When delivering presentations about Android, a frequent challenge is: how do I
get the audience to see what’s on a device’s screen?
In the beginning, we had two options:
Use the emulator, which back in the early days of Android was ARM-only and
Use a hardware projector (e.g., an ELMO), which were hard to find
In 2009, to help with this, I created DroidEx.
This has long been relegated to
the dustbin of history, outside of this fork.
DroidEx used the same protocol that
adb uses for screenshots (e.g., from inside
Android Studio), just pushing the screenshots into a desktop window. It was
slow (~6 fps), but it worked.
Later, Jens Riboe took the DroidEx concept and created Droid@Screen,
with a better desktop UI. And that’s what I used for years for presentations…
until very recently.
If you can demo using an Android 5.0+ device, use scrcpy,
by Romain Vimont and Genymobile.
This uses a little H.264 server, pushed over onto the device, which the client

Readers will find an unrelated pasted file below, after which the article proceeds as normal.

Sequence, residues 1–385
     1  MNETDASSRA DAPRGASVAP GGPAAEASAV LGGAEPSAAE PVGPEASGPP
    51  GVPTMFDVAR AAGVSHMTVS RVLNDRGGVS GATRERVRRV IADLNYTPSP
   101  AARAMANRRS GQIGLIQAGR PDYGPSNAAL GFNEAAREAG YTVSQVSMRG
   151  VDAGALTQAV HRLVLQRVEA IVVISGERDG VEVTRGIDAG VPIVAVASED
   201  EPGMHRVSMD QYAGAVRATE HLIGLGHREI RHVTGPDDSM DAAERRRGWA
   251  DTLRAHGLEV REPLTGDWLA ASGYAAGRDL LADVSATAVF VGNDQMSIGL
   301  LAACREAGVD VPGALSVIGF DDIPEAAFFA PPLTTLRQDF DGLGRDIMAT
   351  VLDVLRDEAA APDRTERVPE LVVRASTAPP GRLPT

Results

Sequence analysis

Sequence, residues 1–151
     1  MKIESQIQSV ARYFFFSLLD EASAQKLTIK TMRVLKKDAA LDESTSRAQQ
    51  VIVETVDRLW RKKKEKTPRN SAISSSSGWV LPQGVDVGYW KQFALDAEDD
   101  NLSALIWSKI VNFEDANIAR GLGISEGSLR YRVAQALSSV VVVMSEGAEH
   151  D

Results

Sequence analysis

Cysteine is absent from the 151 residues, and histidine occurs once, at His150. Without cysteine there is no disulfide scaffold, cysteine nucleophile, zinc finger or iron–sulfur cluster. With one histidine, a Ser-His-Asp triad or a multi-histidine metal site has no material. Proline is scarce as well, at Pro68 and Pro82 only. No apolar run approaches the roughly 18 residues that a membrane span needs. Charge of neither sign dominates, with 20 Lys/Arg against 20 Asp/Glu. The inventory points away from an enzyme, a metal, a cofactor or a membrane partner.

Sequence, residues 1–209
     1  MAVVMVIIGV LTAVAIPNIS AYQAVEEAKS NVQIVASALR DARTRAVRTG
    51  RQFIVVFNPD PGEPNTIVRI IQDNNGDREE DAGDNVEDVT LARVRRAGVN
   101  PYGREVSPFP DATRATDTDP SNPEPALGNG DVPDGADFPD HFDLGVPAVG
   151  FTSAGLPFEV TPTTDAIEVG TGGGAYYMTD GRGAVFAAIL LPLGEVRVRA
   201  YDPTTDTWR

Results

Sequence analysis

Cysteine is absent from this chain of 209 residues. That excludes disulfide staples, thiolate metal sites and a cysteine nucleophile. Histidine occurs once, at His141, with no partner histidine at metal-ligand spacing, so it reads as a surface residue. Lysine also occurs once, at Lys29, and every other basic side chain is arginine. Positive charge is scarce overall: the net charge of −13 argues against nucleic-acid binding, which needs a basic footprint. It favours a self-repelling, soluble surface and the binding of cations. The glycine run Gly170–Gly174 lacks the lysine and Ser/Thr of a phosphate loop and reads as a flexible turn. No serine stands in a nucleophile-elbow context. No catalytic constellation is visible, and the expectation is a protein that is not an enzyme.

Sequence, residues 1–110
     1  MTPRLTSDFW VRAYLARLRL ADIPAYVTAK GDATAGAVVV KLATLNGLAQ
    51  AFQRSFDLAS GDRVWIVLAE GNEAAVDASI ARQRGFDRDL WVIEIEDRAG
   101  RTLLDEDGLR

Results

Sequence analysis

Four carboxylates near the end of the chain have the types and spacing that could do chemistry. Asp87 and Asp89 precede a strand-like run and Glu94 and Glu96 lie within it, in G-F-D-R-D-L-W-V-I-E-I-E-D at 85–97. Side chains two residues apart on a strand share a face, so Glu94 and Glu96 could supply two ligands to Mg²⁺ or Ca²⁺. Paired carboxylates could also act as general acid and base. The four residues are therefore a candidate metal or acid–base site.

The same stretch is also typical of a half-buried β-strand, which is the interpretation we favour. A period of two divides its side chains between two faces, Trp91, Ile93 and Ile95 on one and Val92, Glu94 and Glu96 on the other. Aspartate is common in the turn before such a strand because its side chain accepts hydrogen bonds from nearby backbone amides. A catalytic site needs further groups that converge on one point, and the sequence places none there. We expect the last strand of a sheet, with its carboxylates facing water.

then plays back. This offers much better performance (30-60 fps). I even accidentally
demonstrated an Android device playing back video, and scrcpy handled it flawlessly.
It is as simple to use as was Droid@Screen — just run the
to push over the server bit, start it running, and launch the client UI. The
client UI even accepts input and forwards it to the device, so you can control
the hardware from your notebook.
If you are delivering presentations with Android demos — sales, conference
presentations, training, etc. — and you have a case where an emulator is
insufficient, scrcpy should be in your toolbox.
Need an Android programming guide for your development team? An Enterprise Warescription to The Busy Coder’s Guide to Android Development is available for teams of 10+ members. Contact Mark Murphy for details.
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